But each attempt to introduce a new USD 1 coin seems to just fall flat with the public.
The Federal Reserve Banks hold about USD 1.4 billion in USD 1 coins -- enough to meet the country's demand for the next 40 years.
In fact, far more than half of all USD 1 coins ever minted are in government vaults.
Last year, more USD 1 coins were returned to the Federal Reserve than were paid out. More business returned the unpopular coin than asked for them. So the government's stockpile actually grew, says a Government Accountability Office report.
The report traces the history of the USD 1 presidential coins from their inception in Congress in 2005, through initial distribution in 2007, through 2011 when the mint stopped making them because of a lack of public appetite to their current ignoble status as the coin that is now costly to store, CNN reported.
The USD 1 coins are durable and can be used easily in vending machines. They far outlast paper money. But in the public opinion contest, paper always won, the report said.
The public's preference comes at a cost. The federal government would save USD 4.4 billion over 30 years -- or about USD 150 million a year -- if US Congress decided to go metal, according to the GAO, which would like to see the USD 1 paper notes phased out.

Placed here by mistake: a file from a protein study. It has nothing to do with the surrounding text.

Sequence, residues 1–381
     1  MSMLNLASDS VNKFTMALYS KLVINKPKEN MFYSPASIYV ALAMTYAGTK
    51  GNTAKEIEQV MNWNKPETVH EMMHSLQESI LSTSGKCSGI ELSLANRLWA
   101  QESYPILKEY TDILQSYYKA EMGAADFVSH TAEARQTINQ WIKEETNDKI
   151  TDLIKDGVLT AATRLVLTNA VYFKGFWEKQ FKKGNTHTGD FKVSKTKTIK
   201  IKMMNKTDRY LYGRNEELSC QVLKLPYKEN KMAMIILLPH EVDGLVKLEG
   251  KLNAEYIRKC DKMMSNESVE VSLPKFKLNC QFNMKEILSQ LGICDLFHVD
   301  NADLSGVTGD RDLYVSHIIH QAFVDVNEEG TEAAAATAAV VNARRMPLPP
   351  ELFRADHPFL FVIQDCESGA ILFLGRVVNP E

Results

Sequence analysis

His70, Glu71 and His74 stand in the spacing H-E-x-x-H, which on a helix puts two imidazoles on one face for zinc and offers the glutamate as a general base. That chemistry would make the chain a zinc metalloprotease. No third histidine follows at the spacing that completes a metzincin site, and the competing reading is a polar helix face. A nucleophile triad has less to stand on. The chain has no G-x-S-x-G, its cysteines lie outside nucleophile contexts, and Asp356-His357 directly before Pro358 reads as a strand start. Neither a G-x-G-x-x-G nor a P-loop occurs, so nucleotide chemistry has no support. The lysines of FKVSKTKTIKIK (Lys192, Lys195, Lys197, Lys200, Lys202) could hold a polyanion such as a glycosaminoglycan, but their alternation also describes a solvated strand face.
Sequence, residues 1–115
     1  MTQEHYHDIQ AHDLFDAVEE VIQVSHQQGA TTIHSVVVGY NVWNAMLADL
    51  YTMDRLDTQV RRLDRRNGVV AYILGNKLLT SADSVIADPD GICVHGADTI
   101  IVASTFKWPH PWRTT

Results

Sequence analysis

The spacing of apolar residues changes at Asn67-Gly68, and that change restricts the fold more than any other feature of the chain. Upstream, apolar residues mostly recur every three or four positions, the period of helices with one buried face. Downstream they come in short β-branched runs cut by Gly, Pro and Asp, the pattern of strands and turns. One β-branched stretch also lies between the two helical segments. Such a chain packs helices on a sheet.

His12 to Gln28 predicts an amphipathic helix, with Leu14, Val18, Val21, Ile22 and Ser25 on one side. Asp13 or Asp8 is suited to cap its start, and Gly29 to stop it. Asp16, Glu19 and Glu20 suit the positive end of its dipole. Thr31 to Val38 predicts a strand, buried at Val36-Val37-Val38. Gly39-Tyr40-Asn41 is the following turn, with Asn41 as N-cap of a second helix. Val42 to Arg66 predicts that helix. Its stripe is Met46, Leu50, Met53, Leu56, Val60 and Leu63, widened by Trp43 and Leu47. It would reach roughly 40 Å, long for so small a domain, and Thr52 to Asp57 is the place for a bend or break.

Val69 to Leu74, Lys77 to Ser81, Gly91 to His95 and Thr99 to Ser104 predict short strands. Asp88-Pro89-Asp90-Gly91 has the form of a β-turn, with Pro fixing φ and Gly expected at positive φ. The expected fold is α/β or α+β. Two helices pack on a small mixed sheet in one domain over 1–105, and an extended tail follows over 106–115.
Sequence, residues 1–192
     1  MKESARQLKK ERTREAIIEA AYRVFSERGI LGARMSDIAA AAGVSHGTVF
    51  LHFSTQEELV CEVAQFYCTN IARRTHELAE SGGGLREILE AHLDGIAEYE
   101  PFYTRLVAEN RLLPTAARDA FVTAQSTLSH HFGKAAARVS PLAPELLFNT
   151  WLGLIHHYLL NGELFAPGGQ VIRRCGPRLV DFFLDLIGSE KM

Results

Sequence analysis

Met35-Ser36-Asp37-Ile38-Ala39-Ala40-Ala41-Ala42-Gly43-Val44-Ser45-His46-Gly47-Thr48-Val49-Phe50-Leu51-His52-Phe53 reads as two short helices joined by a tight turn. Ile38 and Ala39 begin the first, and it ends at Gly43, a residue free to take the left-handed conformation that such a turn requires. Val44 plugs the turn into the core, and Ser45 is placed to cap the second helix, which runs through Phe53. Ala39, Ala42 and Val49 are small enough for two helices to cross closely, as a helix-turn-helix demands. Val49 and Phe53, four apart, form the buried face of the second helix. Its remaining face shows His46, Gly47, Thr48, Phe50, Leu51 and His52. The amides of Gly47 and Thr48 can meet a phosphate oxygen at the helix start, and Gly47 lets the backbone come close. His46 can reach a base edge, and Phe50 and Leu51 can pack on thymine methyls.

One way to tilt public opinion would be to eliminate USD 1 notes, the GAO said. In Canada and the United Kingdom, public resistance to coins dissipated within years when there was "no alternative to the note," the GAO said.
Dollar coins are also supported by the Dollar Coin Alliance, a group that includes vending and snack food associations, mining interests and a carwash association.
But the Treasury Department -- which currently mints only a limited number of USD 1 presidential coins for collectors -- is not swayed.
"Minting USD 1 coins that ultimately end up sitting in Federal Reserve Bank vaults -- and serve no useful purpose for businesses, financial institutions and consumers -- is simply not a prudent use of taxpayer resources," the Treasury Department said when it stopped production of the coins.
So the government continues to mint copper pennies, which are largely zinc, and which since 2006 have cost more than a penny to produce. And it mints nickels, which cost more than a nickel to produce. But it eschews dollar coins.